Businesses, employers and universities are taking the data into their own hands and requiring booster coronavirus shots.
Why it matters: Three shots work better than two at preventing infection, especially against the Omicron variant. But competing definitions of “fully vaccinated” based on where you live or work will inevitably confuse people.
Driving the news: Booster requirements are steadily rolling out across the country, even though the federal definition of “fully vaccinated” hasn’t yet changed from two shots of Moderna or Pfizer and one of J&J.
- Metropolitan Opera said yesterday that all eligible adult employees and audience members must get booster shots in order to enter, the NYT reports.
- Several universities — including Georgetown, NYU and two private colleges in Minnesota — have announced booster requirements for students and staff.
- The NFL is requiring coaches and staff to get booster shots by Dec. 27.
The intrigue: Americans are split on what they think the definition of fully vaccinated is, according to Harris polling provided exclusively to Axios.
- 49% of adults said that “fully vaccinated” means two shots of Pfizer or Moderna or one shot of J&J, and 51% said that “fully vaccinated” now includes a booster.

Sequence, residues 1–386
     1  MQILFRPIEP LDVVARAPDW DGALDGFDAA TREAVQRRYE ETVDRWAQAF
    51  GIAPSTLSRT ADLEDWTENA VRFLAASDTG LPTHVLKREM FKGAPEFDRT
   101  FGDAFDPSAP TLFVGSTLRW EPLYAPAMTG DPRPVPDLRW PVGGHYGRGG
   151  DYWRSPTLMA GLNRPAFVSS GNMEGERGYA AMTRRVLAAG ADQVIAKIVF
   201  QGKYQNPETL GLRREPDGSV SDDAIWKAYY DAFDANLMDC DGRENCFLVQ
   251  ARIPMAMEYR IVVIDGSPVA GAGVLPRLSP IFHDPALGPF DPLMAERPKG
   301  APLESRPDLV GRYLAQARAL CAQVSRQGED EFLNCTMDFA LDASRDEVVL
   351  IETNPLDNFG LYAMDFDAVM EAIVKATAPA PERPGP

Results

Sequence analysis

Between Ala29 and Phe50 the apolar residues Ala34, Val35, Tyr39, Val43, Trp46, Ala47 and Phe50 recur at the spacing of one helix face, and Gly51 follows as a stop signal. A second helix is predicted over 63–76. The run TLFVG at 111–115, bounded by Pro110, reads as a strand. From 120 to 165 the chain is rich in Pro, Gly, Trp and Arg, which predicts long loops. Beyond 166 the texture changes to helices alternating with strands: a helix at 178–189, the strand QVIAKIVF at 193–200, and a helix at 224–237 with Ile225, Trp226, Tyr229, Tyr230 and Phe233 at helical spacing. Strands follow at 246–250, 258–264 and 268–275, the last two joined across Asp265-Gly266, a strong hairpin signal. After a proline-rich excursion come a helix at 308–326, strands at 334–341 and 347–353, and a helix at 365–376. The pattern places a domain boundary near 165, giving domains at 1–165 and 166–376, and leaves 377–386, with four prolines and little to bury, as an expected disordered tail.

- Nearly two-thirds of seniors feel that a booster is required to be fully vaccinated.
Between the lines: Even before the Omicron variant emerged, data had clearly shown that the protection offered by two doses of Pfizer and Moderna’s vaccines against infection waned over time, although it remained very high against severe disease.
- A third shot given several months later raised protection against infection to levels even higher than they were right after the second shot.
- Data also showed that a booster shot offered much stronger protection against infection than one shot of J&J’s vaccine.
- Now, preliminary data suggests that two shots of mRNA vaccines and one shot of J&J aren’t very effective at all against Omicron infection, but booster shots are.
What they’re saying: When asked by a reporter yesterday about changing the official definition of fully vaccinated, CDC Director Rochelle Walensky didn’t give any hints about when that may happen.
- “We are continuing to follow that science and it is literally evolving daily. And as that science evolves, we will continue to review the data and update our recommendations as necessary,” she said.